All of a sudden, I seem to be seeing tablets and iPads being used as part of the retail environment.
And what’s more, their use doesn’t just look like a gimmick. It feels like a carefully considered enhancement to the shopping experience.
During a recent trip to Singapore a bar – with a pretty extensive and serious wine list – was using iPads as the wine list. Not only did this deliver a benefit to the bar owner in terms of keeping the list up-to-date with what was in or out of stock, but it made the task of browsing, filtering and choosing a wine more helpful and informative to the drinker (in this case, me!).
Also whilst there, we were conducting some research into the use of tablets by relationship managers (RMs) for one of the main banks in Singapore. The bank is trialling the use of tablets to make the explanation of investment options, and wealth planning, easier to understand for their high value customers. The RM sits with the customer, and takes them through their options on the tablet screen. The bank is seen to be forward-thinking and modern, and the RM’s job is made easier as customers can get more engaged and interact with the subject.
While the above examples are a quite simple case of making information more accessible, there are other examples that integrate the tablet into the store experience. A Chinese supermarket is trialling a built-in tablet on their shopping trolleys. The “SmartCart” uses in-store GPS to present shoppers with offers and promotions relevant to the aisle they are in, and helps shoppers search for products and new ideas whilst in store. It also manages loyalty points and vouchers, and can link up with an app on the customer’s smartphone.
Another great example of taking an existing retail experience and making it better is Adidas, who recently unveiled a virtual shoe wall. This embeds a virtual display of training shoes alongside the normal displays of shoe models in store. The touch screen allows shoppers to investigate the shoe in more detail, giving information on the shoe technology, the design and benefits of particular features, in a far more interactive and engaging way than simply holding the shoe. Once decided, you can personalise your choice of colours and add initials to create a shoe unique to you. You can even complete the order on your phone and have your shoes delivered to your home.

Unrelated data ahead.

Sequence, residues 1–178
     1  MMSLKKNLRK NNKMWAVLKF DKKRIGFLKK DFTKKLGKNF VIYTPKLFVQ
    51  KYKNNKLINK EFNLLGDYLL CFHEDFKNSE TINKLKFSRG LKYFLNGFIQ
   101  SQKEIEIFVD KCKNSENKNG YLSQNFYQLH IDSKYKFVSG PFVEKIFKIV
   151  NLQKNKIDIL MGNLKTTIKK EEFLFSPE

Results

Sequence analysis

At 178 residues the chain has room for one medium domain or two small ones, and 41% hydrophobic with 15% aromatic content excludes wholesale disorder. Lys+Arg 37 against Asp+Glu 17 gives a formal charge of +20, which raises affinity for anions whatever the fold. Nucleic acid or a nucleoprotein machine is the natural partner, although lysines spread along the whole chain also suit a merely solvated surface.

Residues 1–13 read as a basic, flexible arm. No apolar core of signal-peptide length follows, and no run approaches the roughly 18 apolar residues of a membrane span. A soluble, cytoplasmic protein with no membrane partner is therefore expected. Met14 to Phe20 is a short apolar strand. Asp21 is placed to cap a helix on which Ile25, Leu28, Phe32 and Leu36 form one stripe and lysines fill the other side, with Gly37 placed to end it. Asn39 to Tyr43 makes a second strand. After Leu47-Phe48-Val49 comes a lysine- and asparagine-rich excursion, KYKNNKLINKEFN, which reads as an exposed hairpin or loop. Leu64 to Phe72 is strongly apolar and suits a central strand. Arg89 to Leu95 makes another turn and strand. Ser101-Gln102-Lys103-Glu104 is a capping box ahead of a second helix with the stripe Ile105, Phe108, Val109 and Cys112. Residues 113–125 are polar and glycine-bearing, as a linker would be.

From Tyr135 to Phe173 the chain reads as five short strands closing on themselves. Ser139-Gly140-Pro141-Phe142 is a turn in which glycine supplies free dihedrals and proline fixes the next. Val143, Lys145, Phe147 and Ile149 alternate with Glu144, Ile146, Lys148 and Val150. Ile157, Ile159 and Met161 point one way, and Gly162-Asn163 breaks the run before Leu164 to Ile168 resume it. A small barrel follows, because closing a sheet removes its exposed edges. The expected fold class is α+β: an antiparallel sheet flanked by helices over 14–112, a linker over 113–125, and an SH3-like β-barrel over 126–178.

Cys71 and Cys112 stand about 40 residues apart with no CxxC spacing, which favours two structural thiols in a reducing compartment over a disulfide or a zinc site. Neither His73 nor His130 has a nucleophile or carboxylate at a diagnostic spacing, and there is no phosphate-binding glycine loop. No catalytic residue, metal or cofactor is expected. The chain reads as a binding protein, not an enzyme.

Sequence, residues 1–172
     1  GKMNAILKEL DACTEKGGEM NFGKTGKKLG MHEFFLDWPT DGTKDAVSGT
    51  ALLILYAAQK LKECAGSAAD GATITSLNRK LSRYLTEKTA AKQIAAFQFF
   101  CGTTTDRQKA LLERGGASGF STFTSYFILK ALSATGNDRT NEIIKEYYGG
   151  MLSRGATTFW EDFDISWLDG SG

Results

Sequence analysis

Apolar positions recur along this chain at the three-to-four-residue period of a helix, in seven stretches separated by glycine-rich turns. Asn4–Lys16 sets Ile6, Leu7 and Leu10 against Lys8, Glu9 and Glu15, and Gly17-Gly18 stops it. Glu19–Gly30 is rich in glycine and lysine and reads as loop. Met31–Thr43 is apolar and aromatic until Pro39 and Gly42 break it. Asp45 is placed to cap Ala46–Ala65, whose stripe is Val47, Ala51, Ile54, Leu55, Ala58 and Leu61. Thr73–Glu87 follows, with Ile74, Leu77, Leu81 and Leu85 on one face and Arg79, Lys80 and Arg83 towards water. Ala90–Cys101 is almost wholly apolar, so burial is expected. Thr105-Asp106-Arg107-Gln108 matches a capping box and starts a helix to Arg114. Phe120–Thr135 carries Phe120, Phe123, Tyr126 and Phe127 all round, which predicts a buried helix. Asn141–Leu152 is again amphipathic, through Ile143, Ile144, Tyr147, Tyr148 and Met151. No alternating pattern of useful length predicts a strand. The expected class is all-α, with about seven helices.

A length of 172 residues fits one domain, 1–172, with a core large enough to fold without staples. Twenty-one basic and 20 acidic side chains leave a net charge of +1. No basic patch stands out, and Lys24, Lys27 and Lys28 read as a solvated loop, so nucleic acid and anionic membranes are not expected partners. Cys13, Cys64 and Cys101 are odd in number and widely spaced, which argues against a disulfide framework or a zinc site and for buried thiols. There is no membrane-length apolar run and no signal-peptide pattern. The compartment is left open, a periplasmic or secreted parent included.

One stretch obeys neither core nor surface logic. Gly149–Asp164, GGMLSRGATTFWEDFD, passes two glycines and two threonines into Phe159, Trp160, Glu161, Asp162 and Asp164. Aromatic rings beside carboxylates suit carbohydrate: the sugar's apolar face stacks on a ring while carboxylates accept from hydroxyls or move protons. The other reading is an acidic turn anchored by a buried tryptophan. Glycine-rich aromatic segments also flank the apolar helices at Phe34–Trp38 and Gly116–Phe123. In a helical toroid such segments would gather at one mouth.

This strikes me as a genuine case of improving on the current experience for both retailer and customers. The retailer doesn’t need to have every combination in stock, and doesn’t need all staff to be experts in their full product range (anyone who has visited a sports footwear store on a Saturday knows how unlikely that is!) and as a customer, you can try on the shoes, confirm what size you need, and can then order a bespoke design to be delivered straight to your door, all without queuing at the tills (I’m sure it won’t be long before you only need to place your foot on a screen to be sized, and the whole process becomes digital).
Finally, Burberry have taken this another step further, placing tablets around their flagship London store which display information and suggestions on latest ranges, some of which can be driven by RFID tags in some of their ranges which can drive video content onto the special screens showing the product being modelled on the catwalk.
With more retailers set to test tablet use in store (a recent US study said 30% of retailers expect to trial tablets in some form this year) we’re going to see a lot more ideas over the coming months. Those that succeed will be the ones that make a genuine improvement to an existing shopping experience. I’m looking forward to trying them.